The training is complete, the preparation is over and it is finally time to begin the 2010 Commonwealth Games. As you probably realise this is the pinnacle of my sporting career and I just can’t wait to get started. This will be my second real Commonwealth Games and I am hoping for an improved performance from my last effort when the games were held in Australia.
While technically these will be my 8th Commonwealth Games, it has only been in the last two years I have taken my involvement seriously. Many people just view the Commonwealth Games as a time to marvel at the athlete’s ability to perform super human feats under immense pressure. To them the Commonwealth Games is a time to sit on the couch, eat food and just watch. Not me.
The Com Games for me, is the chance to pit myself against the world’s best just to see if our New Zealand selectors were wrong in leaving me at home.
As I have already stated, I was extremely disappointed at my performance during the 2006 games. My preparation was poor and small issues such as living with the in-laws definitely had an adverse affect. Essentially it was an away game which meant I was unsure about basic issues which I had taken for granted. Issues such as the distance from the couch to the fridge and back via the toilet, the range of the remote and I had issues with the new volume control. All these factors played a part in my poor performance. Even having a TV in my bedroom didn’t seem to ease the problems as the time difference didn’t go down that well with my wife Rachel, elbowing her during the Rugby teams victory in the7’s competition.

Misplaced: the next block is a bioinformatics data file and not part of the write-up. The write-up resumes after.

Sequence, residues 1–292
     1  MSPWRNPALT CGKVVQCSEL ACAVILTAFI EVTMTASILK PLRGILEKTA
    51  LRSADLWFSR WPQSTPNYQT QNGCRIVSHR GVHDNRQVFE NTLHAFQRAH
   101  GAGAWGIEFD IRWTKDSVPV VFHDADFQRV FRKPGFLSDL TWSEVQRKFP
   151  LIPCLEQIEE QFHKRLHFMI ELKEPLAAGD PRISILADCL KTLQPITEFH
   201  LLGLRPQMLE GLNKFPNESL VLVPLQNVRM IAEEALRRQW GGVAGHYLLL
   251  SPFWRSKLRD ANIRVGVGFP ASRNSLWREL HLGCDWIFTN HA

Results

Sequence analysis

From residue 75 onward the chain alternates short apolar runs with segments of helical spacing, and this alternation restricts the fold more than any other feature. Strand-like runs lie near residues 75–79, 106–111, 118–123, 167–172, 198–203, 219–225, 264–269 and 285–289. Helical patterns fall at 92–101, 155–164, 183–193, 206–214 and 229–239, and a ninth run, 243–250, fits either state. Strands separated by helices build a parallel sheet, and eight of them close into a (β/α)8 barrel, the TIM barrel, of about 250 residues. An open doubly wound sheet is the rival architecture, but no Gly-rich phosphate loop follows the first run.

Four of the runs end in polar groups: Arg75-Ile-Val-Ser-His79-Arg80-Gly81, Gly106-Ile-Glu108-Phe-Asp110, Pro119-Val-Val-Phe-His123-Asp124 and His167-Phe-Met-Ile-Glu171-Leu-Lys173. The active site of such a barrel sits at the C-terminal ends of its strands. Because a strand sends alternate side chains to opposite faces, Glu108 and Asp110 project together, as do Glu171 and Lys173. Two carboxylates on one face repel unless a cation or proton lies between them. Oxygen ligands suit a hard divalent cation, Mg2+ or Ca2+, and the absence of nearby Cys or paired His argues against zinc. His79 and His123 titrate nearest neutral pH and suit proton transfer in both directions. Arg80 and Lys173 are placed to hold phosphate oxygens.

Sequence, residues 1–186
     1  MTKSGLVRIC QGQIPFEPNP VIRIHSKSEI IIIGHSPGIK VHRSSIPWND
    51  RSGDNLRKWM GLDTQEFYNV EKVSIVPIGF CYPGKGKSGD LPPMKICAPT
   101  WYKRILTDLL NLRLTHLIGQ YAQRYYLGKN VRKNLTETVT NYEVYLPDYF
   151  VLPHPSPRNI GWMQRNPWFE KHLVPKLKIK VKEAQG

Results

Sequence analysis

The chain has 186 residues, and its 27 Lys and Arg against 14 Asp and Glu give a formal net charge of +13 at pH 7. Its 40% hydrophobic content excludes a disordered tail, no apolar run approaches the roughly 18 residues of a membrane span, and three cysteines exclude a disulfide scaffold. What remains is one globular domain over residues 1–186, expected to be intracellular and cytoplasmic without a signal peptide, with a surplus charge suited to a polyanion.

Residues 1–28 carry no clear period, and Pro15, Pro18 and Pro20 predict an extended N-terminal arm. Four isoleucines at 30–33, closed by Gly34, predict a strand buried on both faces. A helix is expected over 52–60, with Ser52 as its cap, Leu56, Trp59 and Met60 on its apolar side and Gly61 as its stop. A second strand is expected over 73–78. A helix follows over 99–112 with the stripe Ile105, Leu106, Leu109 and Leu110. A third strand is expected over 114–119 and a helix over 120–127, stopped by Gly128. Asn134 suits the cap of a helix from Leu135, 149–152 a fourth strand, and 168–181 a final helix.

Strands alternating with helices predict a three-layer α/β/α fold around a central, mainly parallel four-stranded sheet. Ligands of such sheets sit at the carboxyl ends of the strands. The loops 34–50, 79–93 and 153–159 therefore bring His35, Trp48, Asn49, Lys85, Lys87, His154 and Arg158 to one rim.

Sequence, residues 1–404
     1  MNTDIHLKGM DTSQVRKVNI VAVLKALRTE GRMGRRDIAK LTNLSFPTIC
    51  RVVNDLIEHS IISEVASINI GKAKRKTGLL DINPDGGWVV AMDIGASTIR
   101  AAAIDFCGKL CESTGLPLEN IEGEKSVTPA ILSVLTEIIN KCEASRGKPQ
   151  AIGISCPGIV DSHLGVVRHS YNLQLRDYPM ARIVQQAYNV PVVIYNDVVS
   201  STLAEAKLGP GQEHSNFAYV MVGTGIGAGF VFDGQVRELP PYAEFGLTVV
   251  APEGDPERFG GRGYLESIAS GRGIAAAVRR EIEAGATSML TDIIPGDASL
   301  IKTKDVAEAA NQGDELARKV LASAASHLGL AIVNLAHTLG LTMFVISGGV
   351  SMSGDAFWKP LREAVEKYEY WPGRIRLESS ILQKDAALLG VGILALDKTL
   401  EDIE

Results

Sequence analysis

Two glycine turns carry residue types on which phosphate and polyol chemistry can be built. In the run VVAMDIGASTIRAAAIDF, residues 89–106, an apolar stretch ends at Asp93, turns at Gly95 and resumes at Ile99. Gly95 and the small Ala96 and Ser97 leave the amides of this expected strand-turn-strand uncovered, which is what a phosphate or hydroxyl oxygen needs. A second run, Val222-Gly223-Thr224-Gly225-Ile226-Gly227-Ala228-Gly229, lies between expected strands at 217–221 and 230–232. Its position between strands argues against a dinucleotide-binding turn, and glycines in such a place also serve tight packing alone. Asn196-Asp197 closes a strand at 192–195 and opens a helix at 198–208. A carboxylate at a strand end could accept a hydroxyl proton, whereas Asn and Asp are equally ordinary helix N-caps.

For me there is a twofold aspect to this year’s Commonwealth Games. Firstly, there is the watching and viewing side of things. This involves sports that are a little difficult to replicate in my living room. Gymnastics is one. While I certainly don’t doubt my flexibility and my high bar routine is second to none, the fact that this sport requires judges precludes me from taking part. This has only been a last minute decision as during the 2006 games my floor exercise was up there with some of the best from the Indian orphans. Even Ray (my father in-law) was speechless as I rolled around effortlessly in his lounge in my lycra one piece to Lenard Cohen. I can still visualize the tears I saw welling up in his eyes.
Other sports such as horse riding and boxing fall into this category as they are just too difficult to run successfully in our 5m by 4m lounge. These are the sports I just sit back, watch and enjoy, knowing that the cards life has dealt me, mean that I am unable to prove myself in these disciplines.
However, there are a number of sports that you can actually join in during the Commonwealth Games and with the latest results online you can actually rank yourself.
For me the first week is going to be slightly easier than the second. Traditionally, I haven’t been strong in the Aquatic section but this year I have a slightly smaller bath, which I am hoping will help me make the top ten in most events. While I have had some doubters over the years I make sure that I keep to all international swimming rules except one. Firstly, I start in the water as diving into out 55cm deep bath could prove disastrous and secondly, I swim in the nick, none of the latest Addidas full length babies for me.